Why Rafael Benitez? A question asked by many upon learning Liverpool’s former manager would replace the axed Roberto Di Matteo as interim Chelsea manager.
But when the Spaniard’s haul of titles across Europe is examined it begs the question, why not? And when a list of viable and available candidates is also surveyed, who else?
Chelsea’s Russian owner Roman Abramovich may dream of luring Josep Guardiola, the architect of Barcelona’s recent dominance of European football, to Stamford Bridge, but the Catalan is intent on completing his year-long soccer sabbatical.
Two more potential Chelsea targets are already firmly entrenched in other jobs. Despite the stated intention of Real Madrid’s Jose Mourinho, the most successful manager in Chelsea’s history, to return to the Premier League he is unlikely to leave the Bernabeu any time soon.
It is a similar story with Borussia Dortmund’s Jurgen Klopp. The German coach’s young side are blazing a trail through the Champions League and he must surely have reservations about working for the notoriously trigger-happy Abramovich.
Just as the Russian did when he fired Andre Villas-Boas in March, Abramovich now finds himself shopping in the sales, trying to find the best fit to provide a short-term fix.
And in the bargain basement who is better than Benitez?
True, his stock has fallen considerably since he masterminded Liverpool’s incredible, implausible Champions League triumph against AC Milan in 2005.
Despite having league titles and European successes on his CV, he has failed to establish himself at another club since being ousted by the Anfield board in 2010.
A disastrous spell as Jose Mourinho’s successor at Inter Milan followed immediately after his Liverpool exit. It ended abruptly in December 2010, just six months after he stepped through the door at the San Siro.
The intervening two years have seen Benitez linked with a host of jobs across the continent, but none came to pass - until now.
Eight years have elapsed since Benitez guided Valencia to their second Spanish league title in just three seasons.
Benitez’s Valencia, who also won the UEFA Cup in 2004, remain the only the team this century to have broken Real Madrid and Barcelona’s stranglehold on the Spanish league title.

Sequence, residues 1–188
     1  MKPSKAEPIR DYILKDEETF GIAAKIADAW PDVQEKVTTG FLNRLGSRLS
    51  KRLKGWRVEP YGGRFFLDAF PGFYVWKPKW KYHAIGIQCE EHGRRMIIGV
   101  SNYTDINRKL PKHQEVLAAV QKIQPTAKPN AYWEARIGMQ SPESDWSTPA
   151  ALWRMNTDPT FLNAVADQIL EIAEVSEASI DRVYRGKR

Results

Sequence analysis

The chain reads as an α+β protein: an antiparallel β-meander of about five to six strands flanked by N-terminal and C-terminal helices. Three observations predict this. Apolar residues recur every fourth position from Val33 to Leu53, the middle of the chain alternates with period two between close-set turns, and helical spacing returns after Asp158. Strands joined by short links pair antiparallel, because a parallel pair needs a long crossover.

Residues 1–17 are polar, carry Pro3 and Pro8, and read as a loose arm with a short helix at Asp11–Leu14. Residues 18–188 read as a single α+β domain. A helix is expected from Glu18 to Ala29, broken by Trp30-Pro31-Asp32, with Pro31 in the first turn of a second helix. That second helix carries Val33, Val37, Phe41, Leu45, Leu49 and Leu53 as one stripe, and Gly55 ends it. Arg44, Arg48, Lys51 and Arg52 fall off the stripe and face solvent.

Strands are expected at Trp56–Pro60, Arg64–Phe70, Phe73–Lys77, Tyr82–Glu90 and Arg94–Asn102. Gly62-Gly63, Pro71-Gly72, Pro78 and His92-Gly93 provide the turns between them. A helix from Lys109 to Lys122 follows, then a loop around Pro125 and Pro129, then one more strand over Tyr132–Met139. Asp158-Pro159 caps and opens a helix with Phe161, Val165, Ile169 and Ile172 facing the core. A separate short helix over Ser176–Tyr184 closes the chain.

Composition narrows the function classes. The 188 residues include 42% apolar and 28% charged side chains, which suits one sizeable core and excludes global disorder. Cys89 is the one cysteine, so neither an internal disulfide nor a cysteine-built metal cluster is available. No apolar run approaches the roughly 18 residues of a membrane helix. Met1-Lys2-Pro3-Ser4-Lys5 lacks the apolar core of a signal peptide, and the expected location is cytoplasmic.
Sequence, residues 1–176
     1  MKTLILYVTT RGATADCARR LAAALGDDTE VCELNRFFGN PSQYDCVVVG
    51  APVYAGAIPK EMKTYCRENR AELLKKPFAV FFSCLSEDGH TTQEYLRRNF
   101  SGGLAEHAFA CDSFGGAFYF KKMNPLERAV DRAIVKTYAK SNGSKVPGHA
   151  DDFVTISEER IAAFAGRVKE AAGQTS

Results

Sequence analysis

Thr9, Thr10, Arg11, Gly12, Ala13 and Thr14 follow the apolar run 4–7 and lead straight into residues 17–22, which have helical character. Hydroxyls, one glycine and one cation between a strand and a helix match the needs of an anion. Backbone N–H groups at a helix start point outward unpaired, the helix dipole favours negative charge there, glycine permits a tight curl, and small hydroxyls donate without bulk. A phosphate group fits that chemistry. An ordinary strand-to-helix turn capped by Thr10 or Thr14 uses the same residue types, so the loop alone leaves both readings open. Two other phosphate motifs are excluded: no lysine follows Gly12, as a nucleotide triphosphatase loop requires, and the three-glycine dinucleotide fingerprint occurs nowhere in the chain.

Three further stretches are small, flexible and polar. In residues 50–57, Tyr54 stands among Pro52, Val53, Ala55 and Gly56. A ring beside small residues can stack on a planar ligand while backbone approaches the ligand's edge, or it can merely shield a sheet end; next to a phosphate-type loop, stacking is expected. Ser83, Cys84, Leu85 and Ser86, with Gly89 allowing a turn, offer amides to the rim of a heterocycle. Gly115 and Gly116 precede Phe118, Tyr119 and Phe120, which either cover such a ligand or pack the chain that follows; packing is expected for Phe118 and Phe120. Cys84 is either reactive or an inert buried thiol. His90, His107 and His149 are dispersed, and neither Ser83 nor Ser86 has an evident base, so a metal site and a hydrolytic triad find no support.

Though his departure from Valencia - “"I asked for a table and they bought me a lampshade" – did signal his unnerving ability to fall out with the board members he worked under at the various clubs he has coached.
The following season he led an unspectacular Liverpool team to the ultimate European triumph, overcoming Mourinho’s Chelsea at the semifinal stage.
While Di Matteo was roundly condemned for his strategy during Tuesday’s 3-0 defeat to Juventus - which leaves Chelsea facing the prospect of becoming the first Champions League winners to exit at the group stage of the next tournament - Benitez has repeatedly proved himself capable of sending out teams to achieve results on the big stage.
His half-time decision to introduce defensive midfielder Dietmar Hamann in that Istanbul final against AC Milan proved a masterstroke.
The German nullified the previously rampageous Kaka and Liverpool overturned a three-goal deficit before winning a nerve-wrenching penalty shootout.
As he said of Liverpool’s unlikely European exploits: “The management of 180 minutes, the tactical preparation needed to overcome opponents expected to beat us.”
Benitez will also be working with a Chelsea squad which is the envy of most clubs in the world.
Brazilian playmaker Oscar, the effervescent Eden Hazard and the sublime Juan Mata are among the game’s top talents, while Benitez will hope he can return Fernando Torres to the scoring form he enjoyed under his tutelage at Liverpool.
And Torres’ exploits between now and the end of the season could decide both his and his new manager’s fate.
If Benitez, whose faith in Torres helped him become one the world’s most feared strikers, can’t bring the best out of the world and European champion, would Abramovich finally cut his losses where the Spanish striker is concerned?
It will take more than former glories and tactical nous to convince a Chelsea fanbase angered by the treatment of Di Matteo and disappointed with another short-term appointment.
The vast majority of Stamford Bridge’s faithful remember Benitez as the man who led Liverpool during three ill-tempered Champions League semifinals between the teams in 2005, 2007 and 2008.
And it is not just Chelsea’s fans who will need reminding of Benitez’s worth. During his spell with Liverpool he endured a fraught relationship with the English media.
Benitez’s defensive attitude was epitomized by one press conference in January 2009 when he unleashed a list of “facts” which he claimed proved the fixture list favored Alex Ferguson’s Manchester United.
The “Spanish waiter” tag which many surrounding the English game have cruelly attached to Benitez will take some removing.
But while this may represent his last chance in one of Europe’s top jobs, risking criticism and vitriol, the situation for Benitez is win-win.
A future with Chelsea seems unlikely, with Guardiola casting a long shadow from his Stateside holiday home. This would seem to rule out the possibility of Benitez strengthening his new squad in January.
But at worst, it is a short-term experiment guaranteed to swell his bank balance.
At best, it offers Benitez’s the chance to show prospective employers why he once ruled European football.
And what better way to start than with a win over Premier League leaders Manchester City on Sunday?